Heavy Rain through Tonight, Dry and Breezy Tomorrow

Casey's Saturday Evening Forecast
Published: May. 20, 2023 at 7:20 PM EDT
Email This Link
Share on Pinterest
Share on LinkedIn

SPRINGFIELD, Mass. (WGGB/WSHM) - Well, friends…are you ready for it!? …The Midnight Rain, that is. We needed a good soaking, and now we’re getting one! The only negative—the timing! If you’re heading east tonight to Gillette Stadium, you will NEED that umbrella, and the poncho! With those two handy tools in mind, you should be able to just shake it off! You should also plan on taking extra time getting to and from the stadium. No “look what (the rain) made me do” moments for us tonight, right?

Here’s the story: we’re tracking a complicated setup with an area of Gulf-low pressure moving northeastwards up the coast, while a cold front associated with another low moves in from the northwest. The result: heavy, significant rain with a chance for some street and low-lying area flooding and ponding.

As these two systems move towards our area, they’re going to try to do something we meteorologists call “phasing”. This is a fancy term for merging—but, the key is, when two storm systems phase, the combined system gains energy in the process. Think of it like a violin player who is joined by a bassist and a drummer. The result of them playing together is more than the sum of their individual contributions, right?

So—the takeaway is, these storm systems merge over us, and we end up with a much-needed rainy evening. The exact timing of the phase will be the determining factor in how much rain we get. Right now, it looks like the phase starts to occur just as the storms cross through our region. As a result, most of our rain comes from our coastal low—which gets enhanced by its interaction with the cold front. The rain has already arrived, and it will continue tonight through the overnight hours, heavy at times—particularly between 8PM & 1AM, when downpours and a rumble of thunder are possible. For our enchanted Taylor Swift fans, you might need to bring the cardigan with that chilly rain lasting longer for you. Your heaviest rain will occur between 4-6PM, and again from 9PM-3AM. Bring the rain gear, and you’ll be gorgeous, but don’t blame ME! If you forget. At that point, you’ll be on your own, kid. I’m not the anti-hero in this story. Winds will also be breezy, particularly in the east at Gillette Stadium with gusts up to 25 MPH. The stadium should help block some of that wind, though.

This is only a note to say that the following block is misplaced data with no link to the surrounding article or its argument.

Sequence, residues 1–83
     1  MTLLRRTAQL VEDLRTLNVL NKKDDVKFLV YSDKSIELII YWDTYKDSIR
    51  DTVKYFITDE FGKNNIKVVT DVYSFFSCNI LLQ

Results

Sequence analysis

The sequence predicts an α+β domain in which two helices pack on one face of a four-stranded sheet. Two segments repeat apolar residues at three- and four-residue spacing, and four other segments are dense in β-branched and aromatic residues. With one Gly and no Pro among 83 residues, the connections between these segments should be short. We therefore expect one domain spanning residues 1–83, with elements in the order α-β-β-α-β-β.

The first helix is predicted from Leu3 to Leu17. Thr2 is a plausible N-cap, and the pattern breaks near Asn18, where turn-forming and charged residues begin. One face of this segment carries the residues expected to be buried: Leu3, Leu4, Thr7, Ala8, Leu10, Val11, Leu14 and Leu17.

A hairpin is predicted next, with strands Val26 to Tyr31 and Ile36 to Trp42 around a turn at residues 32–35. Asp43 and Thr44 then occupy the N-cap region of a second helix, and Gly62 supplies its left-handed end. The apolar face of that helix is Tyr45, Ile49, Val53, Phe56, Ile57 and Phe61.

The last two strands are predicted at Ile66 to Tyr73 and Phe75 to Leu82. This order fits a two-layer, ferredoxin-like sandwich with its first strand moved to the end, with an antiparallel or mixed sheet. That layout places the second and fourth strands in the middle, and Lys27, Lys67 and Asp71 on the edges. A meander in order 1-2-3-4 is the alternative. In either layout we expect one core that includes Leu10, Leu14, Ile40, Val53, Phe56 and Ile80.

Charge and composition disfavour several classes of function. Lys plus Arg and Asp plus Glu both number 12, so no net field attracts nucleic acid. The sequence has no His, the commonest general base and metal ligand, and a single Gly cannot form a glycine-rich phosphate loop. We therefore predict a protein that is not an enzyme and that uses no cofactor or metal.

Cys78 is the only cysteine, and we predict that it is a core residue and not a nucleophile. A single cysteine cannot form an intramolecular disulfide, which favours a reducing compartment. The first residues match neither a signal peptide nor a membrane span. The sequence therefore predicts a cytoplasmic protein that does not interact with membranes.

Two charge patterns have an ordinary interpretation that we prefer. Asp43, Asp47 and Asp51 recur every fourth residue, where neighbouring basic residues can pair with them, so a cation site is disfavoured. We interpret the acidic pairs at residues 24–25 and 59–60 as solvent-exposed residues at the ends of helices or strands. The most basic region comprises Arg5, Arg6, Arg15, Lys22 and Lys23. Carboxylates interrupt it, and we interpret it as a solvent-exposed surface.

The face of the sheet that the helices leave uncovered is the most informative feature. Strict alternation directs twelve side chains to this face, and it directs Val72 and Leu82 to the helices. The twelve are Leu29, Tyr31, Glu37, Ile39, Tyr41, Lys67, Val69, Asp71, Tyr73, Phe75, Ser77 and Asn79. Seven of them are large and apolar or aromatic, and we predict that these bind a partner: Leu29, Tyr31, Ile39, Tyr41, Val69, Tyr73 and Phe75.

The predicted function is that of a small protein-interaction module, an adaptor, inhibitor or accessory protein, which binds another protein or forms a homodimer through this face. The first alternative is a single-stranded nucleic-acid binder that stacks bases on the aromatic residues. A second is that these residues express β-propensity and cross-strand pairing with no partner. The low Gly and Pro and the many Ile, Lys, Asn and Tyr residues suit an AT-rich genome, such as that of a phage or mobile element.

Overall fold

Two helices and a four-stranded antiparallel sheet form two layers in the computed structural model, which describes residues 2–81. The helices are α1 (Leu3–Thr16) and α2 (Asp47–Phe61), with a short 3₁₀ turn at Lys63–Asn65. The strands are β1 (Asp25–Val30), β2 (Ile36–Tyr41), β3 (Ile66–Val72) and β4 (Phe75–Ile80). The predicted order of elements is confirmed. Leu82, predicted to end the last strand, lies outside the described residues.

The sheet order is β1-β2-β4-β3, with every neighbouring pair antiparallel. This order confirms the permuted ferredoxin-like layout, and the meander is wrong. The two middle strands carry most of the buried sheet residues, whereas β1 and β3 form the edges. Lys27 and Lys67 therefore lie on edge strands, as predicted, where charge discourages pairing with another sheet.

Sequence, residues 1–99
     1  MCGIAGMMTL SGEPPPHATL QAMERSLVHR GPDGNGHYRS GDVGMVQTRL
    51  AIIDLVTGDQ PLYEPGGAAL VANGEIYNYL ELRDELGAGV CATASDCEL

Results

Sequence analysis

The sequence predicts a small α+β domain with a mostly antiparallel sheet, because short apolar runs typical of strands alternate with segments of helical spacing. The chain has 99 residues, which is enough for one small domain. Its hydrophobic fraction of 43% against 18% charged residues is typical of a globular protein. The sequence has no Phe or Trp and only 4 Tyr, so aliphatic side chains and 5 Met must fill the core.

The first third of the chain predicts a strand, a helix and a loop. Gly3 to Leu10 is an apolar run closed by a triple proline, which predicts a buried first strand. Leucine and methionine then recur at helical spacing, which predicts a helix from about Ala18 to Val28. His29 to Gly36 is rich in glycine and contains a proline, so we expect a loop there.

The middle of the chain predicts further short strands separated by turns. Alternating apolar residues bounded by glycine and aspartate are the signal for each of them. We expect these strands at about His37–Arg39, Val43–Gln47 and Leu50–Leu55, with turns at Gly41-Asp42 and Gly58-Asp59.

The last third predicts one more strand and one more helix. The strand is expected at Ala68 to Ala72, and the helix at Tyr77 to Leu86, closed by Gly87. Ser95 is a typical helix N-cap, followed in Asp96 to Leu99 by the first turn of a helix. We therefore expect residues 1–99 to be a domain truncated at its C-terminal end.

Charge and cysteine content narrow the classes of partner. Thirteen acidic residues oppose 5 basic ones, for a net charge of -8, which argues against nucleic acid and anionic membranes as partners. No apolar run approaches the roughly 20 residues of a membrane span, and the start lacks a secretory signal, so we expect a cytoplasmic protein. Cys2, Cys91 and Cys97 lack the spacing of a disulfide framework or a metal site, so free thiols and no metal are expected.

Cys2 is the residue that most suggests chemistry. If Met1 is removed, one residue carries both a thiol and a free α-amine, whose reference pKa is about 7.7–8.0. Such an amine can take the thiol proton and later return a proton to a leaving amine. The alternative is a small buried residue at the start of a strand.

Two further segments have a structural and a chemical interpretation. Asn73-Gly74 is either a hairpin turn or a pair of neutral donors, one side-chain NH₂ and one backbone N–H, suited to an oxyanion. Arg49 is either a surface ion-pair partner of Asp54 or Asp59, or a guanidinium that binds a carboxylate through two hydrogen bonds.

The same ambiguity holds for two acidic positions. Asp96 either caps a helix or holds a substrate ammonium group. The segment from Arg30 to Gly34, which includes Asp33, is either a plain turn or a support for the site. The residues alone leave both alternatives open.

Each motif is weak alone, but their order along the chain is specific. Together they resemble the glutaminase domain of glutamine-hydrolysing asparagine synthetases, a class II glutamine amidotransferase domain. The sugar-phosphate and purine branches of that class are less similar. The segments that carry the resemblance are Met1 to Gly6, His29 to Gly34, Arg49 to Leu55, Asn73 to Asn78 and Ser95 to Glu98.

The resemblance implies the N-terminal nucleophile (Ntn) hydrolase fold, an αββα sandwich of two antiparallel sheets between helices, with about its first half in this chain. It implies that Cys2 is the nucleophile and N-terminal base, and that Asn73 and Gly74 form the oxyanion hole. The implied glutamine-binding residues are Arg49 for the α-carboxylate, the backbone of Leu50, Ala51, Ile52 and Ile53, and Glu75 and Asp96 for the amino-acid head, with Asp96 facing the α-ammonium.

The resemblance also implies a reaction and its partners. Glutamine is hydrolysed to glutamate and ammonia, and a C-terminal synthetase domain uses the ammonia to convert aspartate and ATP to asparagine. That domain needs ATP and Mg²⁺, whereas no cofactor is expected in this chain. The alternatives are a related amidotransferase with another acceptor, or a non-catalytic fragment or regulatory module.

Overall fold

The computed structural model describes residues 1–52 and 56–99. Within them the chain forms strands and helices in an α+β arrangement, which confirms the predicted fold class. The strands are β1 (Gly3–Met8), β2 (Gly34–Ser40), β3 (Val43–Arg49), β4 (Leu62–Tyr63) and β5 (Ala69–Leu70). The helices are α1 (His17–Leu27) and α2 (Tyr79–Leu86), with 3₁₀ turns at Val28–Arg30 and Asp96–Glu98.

Our cold front moves through overnight, but its moisture will pull further north—the southern moist sector falls apart, so the front will instead put an end to our rain, from northwest to southeast, as it crosses through between 12AM and 4AM through our state.